MONETA, Va. — Judging by pre-tournament excuses and complaints, you would have thought the bass in Smith Mountain Lake were asleep. The reality is that some of them were on their beds.
Many competitors in the Blue Ridge Brawl presented by Advance Auto Parts found an odd surprise Thursday, with numerous anglers seeing and catching bass on spawning beds.
What's shocking is that it's June in the South. Typically, Southern reservoir bass would've completed their annual reproductive activities weeks or months ago. Going into this tournament, most anglers and observers suggested Smith Mountain Lake's bass would be in a post-spawn to early-summer pattern.
A lot of the lake's bass are, in fact, in the deeper-water haunts where anglers predicted they'd be, and many of the tournament leaders confessed to catching fish in water as deep as 18 feet. But several among the Bassmaster Elite Series anglers at Thursday's weigh-in also carried fish that had been plucked off shallow spawning beds.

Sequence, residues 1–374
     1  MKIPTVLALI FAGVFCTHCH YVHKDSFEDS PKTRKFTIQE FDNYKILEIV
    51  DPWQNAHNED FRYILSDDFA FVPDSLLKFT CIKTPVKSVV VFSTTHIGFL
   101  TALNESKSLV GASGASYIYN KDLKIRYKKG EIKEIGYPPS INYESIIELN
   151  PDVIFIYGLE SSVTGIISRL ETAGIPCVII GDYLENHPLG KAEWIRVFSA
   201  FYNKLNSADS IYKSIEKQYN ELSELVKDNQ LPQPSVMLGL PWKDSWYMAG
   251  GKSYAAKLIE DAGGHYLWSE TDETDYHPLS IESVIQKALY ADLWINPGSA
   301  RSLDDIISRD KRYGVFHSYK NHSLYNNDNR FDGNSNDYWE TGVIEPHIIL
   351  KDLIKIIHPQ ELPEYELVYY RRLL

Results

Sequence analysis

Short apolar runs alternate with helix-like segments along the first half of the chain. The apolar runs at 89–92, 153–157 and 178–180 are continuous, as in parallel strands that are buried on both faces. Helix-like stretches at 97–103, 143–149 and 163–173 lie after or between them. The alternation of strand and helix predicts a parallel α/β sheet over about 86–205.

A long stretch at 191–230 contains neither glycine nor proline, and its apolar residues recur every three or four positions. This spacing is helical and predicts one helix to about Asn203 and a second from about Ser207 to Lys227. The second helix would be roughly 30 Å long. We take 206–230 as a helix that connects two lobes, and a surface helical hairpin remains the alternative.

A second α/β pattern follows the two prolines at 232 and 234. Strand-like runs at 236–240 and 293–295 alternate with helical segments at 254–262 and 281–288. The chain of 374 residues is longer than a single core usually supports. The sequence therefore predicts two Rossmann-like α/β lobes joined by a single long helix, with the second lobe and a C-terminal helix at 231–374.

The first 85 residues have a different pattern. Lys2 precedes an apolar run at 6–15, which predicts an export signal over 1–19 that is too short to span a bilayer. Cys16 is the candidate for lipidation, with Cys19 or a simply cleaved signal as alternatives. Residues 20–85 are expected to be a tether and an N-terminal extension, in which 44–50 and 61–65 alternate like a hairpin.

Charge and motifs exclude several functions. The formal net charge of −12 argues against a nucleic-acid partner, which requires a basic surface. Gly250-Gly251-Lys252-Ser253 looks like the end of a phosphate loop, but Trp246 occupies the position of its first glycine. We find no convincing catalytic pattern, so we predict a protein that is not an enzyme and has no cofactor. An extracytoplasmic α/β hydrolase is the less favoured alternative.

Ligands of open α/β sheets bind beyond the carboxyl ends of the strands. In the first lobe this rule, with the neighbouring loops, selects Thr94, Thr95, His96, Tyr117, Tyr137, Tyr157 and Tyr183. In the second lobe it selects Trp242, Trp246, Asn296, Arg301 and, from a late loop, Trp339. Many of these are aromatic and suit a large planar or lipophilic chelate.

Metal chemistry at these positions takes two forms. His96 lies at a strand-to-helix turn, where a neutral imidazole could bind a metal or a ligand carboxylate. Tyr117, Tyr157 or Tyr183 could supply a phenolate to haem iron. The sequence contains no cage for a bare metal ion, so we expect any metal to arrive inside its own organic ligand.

"I caught a limit that way," said Arizona pro John Murray, who is 24th with 12 pounds, 10 ounces, but within a pound of the top 12. "I saw some giants, but I couldn't get them to bite."
Murray wasn't alone. Oklahoma pro Edwin Evers said he spent more than two hours trying to catch a large bass that he spotted on a spawning nest.
Alabama pro Timmy Horton had a limit that weighed 13-14, including three spawners he pulled out of Smith Mountain's shallows.
Kevin Wirth of Kentucky is 20th with 12-12 and had some bedding bass among his limit.
"It never entered my mind that there could be spawning fish here," Wirth said. "I hadn't seen them until today. I didn't see any in practice. I was on Kentucky Lake last week and the fish were in a mid-summer pattern. It's weird."
Wirth said he failed to catch a 5- to 6-pounder that he saw on a spawning bed, but he admitted he'll go back to try to catch that fish Friday.
How much the spawning bass will factor into the rest of the tournament is a subject of debate.
"Anything that was up is gone now," Horton said.
Skeet Reese, the current Angler of the Year points leader, shared a different opinion.
"They will play a role," said Reese, who wasn't as surprised as others about finding spawning fish on a Southern reservoir in June. "There's always a late spawn."